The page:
* Morocco will invite bids for solar plant in February
* The plant is part of $9 billion solar project
* Morocco wants to play a leading role in European scheme
(Adds more details, background)
JORF LASFAR, Morocco, Jan 6 (Reuters) - Morocco will invite bids for construction of its first solar power station at the end of next month as part of a $9 billion solar energy project, its energy minister said on Wednesday.
The 500-megawatt plant will be in the southern town of Ouarzazate, the site where Morocco's ruler, King Mohammed, announced the launch of the nationwide solar project last year.
"We are advancing smoothly in our plan to implement this grand project. We will tender for the Ourzazate station at the end of February," Energy Minister Amina Benkhadra told Reuters at the inauguration of a gas storage facility at the port of Jorf Lasfar, outside Casablanca.
Morocco's solar plan involves building five stations which will account for 38 percent of its installed power generation by 2020, Rabat government officials.
"We will start first with the tender for Ourzazate power station and the tenders for the others will follow successively," Benkhadra added. But she gave no more details.
Morocco, which is the only North African state with no oil of its own, wants to play a leading role in an European plan to draw solar power from the Sahara.
The European solar scheme, which is worth up to 400 billion euros ($564 billion), could allow Europe to source 15 percent of its power from mirrors that gather sunlight in the vast southern desert by 2050.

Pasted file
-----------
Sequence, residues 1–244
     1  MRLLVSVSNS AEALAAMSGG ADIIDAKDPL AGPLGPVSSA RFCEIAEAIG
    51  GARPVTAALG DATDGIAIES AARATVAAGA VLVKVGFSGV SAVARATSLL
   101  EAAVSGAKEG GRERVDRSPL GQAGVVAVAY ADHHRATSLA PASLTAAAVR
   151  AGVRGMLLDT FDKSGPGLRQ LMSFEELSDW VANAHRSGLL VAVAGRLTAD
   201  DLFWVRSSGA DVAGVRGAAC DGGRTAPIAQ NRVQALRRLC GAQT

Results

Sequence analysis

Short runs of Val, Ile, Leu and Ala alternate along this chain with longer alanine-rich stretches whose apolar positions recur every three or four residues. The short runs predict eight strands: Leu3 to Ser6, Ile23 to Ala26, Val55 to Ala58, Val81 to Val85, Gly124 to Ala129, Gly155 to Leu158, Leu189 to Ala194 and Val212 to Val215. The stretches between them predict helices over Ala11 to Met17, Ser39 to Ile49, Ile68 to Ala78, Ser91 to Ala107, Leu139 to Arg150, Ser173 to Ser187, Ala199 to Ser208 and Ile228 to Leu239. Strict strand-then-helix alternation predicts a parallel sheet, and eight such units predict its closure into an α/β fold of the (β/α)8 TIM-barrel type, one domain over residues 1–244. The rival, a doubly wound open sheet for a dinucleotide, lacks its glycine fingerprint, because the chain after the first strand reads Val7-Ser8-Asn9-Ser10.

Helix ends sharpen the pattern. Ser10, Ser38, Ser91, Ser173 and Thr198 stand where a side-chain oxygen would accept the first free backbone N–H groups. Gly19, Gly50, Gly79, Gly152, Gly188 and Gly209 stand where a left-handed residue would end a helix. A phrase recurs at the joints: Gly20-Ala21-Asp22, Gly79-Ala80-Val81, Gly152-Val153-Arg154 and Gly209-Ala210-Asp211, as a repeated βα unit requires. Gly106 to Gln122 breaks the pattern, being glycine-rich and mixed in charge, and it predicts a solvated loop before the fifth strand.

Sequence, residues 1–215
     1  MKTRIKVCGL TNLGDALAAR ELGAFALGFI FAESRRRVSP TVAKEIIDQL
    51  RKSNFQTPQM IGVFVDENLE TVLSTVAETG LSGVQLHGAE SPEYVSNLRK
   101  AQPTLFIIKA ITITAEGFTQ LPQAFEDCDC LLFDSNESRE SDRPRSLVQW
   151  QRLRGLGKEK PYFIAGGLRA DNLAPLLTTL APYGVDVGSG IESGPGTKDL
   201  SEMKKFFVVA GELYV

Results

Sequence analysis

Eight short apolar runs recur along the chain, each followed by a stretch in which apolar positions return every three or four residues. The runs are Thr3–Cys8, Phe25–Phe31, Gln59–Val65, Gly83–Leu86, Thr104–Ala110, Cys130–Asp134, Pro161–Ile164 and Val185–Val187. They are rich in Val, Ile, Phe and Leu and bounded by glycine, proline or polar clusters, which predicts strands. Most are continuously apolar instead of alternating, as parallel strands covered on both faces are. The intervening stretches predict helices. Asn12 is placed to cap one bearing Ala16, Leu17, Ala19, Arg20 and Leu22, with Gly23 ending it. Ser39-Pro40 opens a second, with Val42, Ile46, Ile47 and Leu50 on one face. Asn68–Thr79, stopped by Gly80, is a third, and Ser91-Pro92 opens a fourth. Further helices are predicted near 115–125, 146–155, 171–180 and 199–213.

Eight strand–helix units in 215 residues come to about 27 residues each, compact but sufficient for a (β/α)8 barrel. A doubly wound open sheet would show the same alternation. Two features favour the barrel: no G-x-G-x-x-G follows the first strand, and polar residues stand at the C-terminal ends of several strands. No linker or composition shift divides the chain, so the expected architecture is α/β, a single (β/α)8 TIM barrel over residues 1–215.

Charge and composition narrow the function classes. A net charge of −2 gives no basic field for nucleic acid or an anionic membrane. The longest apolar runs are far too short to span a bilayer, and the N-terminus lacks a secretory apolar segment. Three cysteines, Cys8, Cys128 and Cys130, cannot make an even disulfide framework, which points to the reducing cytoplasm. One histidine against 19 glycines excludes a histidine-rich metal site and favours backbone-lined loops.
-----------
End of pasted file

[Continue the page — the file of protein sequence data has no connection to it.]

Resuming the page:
The mirrors would concentrate the sun's rays to boil water and power turbines, generating electricity without emitting the greenhouse gases blamed for global warming.
Morocco is the poorest of the European Union's southern neighbours but one of its closest allies in the region. It has a history of political stability and reforms to improve its business environment have led to steady rises of foreign investment flow in the past 10 years.
Benkhadra said Morocco is open for cooperation with various foreign governments and firms.
"We had received expressions of interest from several foreign states and from big foreign companies which want to take part in our solar project," she added.
Asked whether Morocco is looking for firms from its main trade partners in Europe, Benkhadra said:
"Morocco is open for all forms of partnership as long as the foreign firms have the capabilities to bring expertise, technology and know-how. We are looking for public-private partnerships as well as national-and-foreign partnerships." (Reporting by Lamine Ghanmi, editing by Marguerita Choy)